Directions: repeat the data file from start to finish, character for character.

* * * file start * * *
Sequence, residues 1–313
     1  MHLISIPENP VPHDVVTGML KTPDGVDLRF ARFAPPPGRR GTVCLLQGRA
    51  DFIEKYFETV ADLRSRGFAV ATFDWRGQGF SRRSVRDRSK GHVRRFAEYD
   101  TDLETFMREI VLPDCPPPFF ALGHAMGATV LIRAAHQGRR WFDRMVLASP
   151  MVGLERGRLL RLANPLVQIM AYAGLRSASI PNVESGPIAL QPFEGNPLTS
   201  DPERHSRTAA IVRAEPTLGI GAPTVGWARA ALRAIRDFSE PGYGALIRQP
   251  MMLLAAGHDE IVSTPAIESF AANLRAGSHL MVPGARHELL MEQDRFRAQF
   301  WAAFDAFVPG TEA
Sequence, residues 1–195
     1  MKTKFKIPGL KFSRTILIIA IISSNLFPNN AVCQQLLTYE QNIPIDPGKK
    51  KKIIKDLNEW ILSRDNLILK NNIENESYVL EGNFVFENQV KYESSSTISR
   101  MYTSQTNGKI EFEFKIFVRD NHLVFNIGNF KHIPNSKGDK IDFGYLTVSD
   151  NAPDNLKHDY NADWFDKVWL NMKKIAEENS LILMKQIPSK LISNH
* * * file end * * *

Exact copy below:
Sequence, residues 1–313
     1  MHLISIPENP VPHDVVTGML KTPDGVDLRF ARFAPPPGRR GTVCLLQGRA
    51  DFIEKYFETV ADLRSRGFAV ATFDWRGQGF SRRSVRDRSK GHVRRFAEYD
   101  TDLETFMREI VLPDCPPPFF ALGHAMGATV LIRAAHQGRR WFDRMVLASP
   151  MVGLERGRLL RLANPLVQIM AYAGLRSASI PNVESGPIAL QPFEGNPLTS
   201  DPERHSRTAA IVRAEPTLGI GAPTVGWARA ALRAIRDFSE PGYGALIRQP
   251  MMLLAAGHDE IVSTPAIESF AANLRAGSHL MVPGARHELL MEQDRFRAQF
   301  WAAFDAFVPG TEA
Sequence, residues 1–195
     1  MKTKFKIPGL KFSRTILIIA IISSNLFPNN AVCQQLLTYE QNIPIDPGKK
    51  KKIIKDLNEW ILSRDNLILK NNIENESYVL EGNFVFENQV KYESSSTISR
   101  MYTSQTNGKI EFEFKIFVRD NHLVFNIGNF KHIPNSKGDK IDFGYLTVSD
   151  NAPDNLKHDY NADWFDKVWL NMKKIAEENS LILMKQIPSK LISNH